Scattered across the planet are floating silver orbs impervious to all weapons and impossible to communicate with. Are these technologically advanced devices responsible for creating and sustaining the rifts in time? Are they cameras through which inscrutable alien eyes are watching? Or are they something stranger and more terrifying still?
The answer may lie in the ancient city of Babylon, where two groups of refugees from 2037 - three cosmonauts returning to Earth from the International Space Station, and three United Nations peacekeepers on a mission in Afghanistan - have detected radio signals: the only such signals on the planet, apart from their own. The peacekeepers find allies in nineteenth-century British troops and in the armies of Alexander the Great. The astronauts, crash-landed in the steppes of Asia, join forces with the Mongol horde led by Genghis Khan. The two sides set out for Babylon, each determined to win the race for knowledge...and the power that lies within.
Yet the real power is beyond human control, perhaps even human understanding. As two great armies face off before the gates of Babylon, it watches, waiting.
©2005 Arthur C. Clarke and Stephen Baxter; (P)2008 Blackstone Audio, Inc.
"An exciting tale full of high-tech physics, military tactics and larger-than-life characters in the first of two novels related to the bestselling senior author's Space Odyssey series." (Publishers Weekly)
The story reads like an extended version of the Star Trek Original Series episode "The Savage Curtain." The Earth has been broken up into numerous "time fragments," each stuck sometime in our past. The fun begins when people and animals cross over between fragments, including some of history's most notable warriors. The narration is superior, and it actually "lifts" the story up when it begins to drag in the middle. I enjoyed this audiobook.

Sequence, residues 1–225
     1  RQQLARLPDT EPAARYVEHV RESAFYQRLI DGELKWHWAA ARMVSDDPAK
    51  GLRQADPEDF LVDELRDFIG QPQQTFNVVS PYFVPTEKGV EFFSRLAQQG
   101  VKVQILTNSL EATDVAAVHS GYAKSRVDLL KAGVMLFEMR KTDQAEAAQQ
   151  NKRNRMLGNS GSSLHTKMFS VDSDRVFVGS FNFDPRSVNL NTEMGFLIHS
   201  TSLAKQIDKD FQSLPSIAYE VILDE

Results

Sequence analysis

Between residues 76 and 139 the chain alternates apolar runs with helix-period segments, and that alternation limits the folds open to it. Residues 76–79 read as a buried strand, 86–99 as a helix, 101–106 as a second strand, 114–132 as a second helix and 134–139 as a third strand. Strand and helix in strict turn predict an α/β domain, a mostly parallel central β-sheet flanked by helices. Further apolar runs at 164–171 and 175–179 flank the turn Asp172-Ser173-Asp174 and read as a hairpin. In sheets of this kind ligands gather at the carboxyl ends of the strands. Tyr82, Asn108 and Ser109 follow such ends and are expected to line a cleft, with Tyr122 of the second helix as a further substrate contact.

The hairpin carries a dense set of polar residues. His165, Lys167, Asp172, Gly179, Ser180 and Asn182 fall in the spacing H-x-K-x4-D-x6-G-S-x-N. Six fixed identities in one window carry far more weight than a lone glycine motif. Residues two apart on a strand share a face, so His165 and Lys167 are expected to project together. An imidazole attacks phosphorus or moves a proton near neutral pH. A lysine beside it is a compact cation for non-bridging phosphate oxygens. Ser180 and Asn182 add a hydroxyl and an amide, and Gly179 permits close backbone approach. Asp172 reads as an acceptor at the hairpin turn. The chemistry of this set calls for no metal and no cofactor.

The premise is excellent, as would be expected from Clarke. The fact that unlike Clarke's classics, this was written in much more rencent times, he includes a slew of current scientific ideas that will tickle the imaginations of hard sci-fi fans. I was disappointed, however, by the reader. He does not seem capable of varying his voice enough to create separate voices for each character. He instead tries to rely upon his poor foreign accents, assigning a horrendously stereotypical regional or foreign accent to each character. Some of them are so aweful (like his hideous attempts at US regional accents) that it really detracted from the wonderful writing of the book. I guess I've been spoiled by Lloyd James (amazingly talented narrator of a number of superb Heinlein books available here -- check them out!!).
Unbelievably great book and good listening! I was swept up and away into the visual patchwork quilt of many times merged together and it felt very believable! I highly recommend anything Clarke has ever written. His view of the human race as a whole, almost as an organism, comes through crystal clear. He tends to be a bit off on the individuality, but not because of any lack of depth, I think it's because he simply "sees" a bigger picture.
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